8.15.2014

The Return to Film: The Seagull 4A-103 (Part 1)

It seemed the basis for the PERFECT article, if only... 

Time has a way of getting away from a person, only to make it's duration known at a later date, when a specific thought comes to mind.  For me, it was seeing some photos that made me realize that I had shot just 3 rolls of photographic film in the past 12 years!


It is pretty unnerving to look back at how quickly the world of photography changed.  In 1998, I was shooting entirely on film stock, mostly slides.  By 2002, my Casio QV-3000 3MP Digital and I were inseparable.  The ease of use, instant previews, and instant results were definitely something lacking in the world of film.  I can recall day trips in the 1990's where it was commonplace for me to shoot three rolls of film in a single day.  And then upon finding my groove in the digital revolution, an entire decade had elapsed, and there was a realization that I'd shot as much film as I'd have occasionally shot in a single day.  



The stimulus for my film usage epiphany hit me when I came across some negatives and transparencies taken with a Chinese made Twin Lens Reflex (TLR) camera I acquired for about $100 in the early 1990's, that I typically referred to as my "Poor Man's Rolleiflex."  While certainly not of the caliber, feature set, or price of such a gem of a camera, when used properly, my Seagull 4A-103 had produced some really lovely images.  



For a time, the boxy Seagull accompanied me as I drove buses, allowing me to snap off some nice posed shots, such as this.


Despite some clunkiness, I was confident enough to use the Seagull to take photos at a friend's daughter's wedding, one of the very few times I ever shot such a ceremony.

Having found these and other images from this camera, and remembering the rather oddball fun of using this retro beast, I then set about to find the camera, with the promise that if I located it, I would definitely be putting it back into service.  After a couple of days, I was able to locate the Seagull, tucked away in a plastic bag in my mother's house.  It was on, or so I hoped.


It seemed the shutter was dead, leaving me to practically give up on this endeavor, but after a good bit of trail and error with the long dormant beast, I finally got it to work, albeit fueling worries that the exposures may not be accurate. Yet, I still took the chance, and ordered a roll of Velvia 50 to run through the camera.


Shooting film is very much "pay to play," so seeking to get as much bang for my buck as possible.  I was going to treat this generic roll of Velvia 50 somewhat like Steve McCurry's last roll of Kodachrome, albeit with my own spin. Thus, I set about to compile a list of desired subjects or themes that I would like to have represented on this roll, allowing for a couple of the 12 exposures to be the "slack" for poor exposures, or for spur of the moment photos.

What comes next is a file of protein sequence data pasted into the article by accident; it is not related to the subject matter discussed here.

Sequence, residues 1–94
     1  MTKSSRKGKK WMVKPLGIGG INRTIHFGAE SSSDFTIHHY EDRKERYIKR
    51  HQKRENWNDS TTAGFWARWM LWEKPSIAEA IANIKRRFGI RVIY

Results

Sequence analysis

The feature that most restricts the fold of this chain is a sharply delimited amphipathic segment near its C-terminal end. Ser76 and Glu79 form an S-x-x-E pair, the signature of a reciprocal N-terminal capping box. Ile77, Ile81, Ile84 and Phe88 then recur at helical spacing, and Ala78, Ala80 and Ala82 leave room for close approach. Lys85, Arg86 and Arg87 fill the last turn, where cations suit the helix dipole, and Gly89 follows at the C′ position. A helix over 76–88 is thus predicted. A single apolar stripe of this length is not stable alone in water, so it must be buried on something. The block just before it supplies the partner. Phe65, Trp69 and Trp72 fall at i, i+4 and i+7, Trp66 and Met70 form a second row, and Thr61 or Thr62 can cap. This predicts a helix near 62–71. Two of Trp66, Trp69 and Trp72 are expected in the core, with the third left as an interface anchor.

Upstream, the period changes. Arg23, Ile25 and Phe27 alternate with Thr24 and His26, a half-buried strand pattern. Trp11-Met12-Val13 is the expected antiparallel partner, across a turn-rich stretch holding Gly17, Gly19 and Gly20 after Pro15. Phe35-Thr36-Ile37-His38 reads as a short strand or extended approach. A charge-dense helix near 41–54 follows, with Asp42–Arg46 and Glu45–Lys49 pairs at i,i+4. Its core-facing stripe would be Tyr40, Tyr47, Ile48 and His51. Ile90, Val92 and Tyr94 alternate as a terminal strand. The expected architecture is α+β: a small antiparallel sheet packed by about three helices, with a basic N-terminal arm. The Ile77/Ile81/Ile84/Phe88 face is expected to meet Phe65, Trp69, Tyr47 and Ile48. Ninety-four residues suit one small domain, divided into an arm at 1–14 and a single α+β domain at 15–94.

I got out and starting shooting with the Seagull, taking along my Olympus PEN to act as a light meter of sorts to calculate exposure, since the Seagull lacks any metering, and color slide film can be very unforgiving.  I kept a checklist of my desired shots, and jotted down exposure information for each on a piece of paper, as I shot comparison shots on the Olympus that I'd planned to post with the film shots. It seemed like a really neat, and really quirky idea of sorts.


I paid meticulous attention to light and exposure, took care NOT to wind the film until I was ready to take a shot (to avoid mistakenly tripping the shutter), and was exacting with both composition and focus.  Instead of pointing and shooting, I was photographing, with an eye on all of the details... except for maybe one.  


About 2/3 of the way through the roll of film, I noticed something odd.  When I'd dial in the focus on a more distant object, such as in a landscape photo, the distance away I'd estimate the object to be, did not match the distance shown on the scale on the focusing knob.  For example, I'd focus on an object about 15 meters away, and the scale on the focusing knob would say I'd focused on an object 5 meters away.  Odd Indeed.  Was this always this way?


I had no recollection of ever really using the distance scale in the past, so I put it out of my mind, though when I went to focus on a distant horizon, I was surprised to see that I was focused well short of infinity. Now, this I clearly did not remember as being an issue before. Still, I tried to overcome my naturally anxious tendencies and finish off my first roll of film in years.  I sent off the roll to the developer in Kansas, and began my waiting game, with a bit of a anxious feeling in my gut, that began to grow.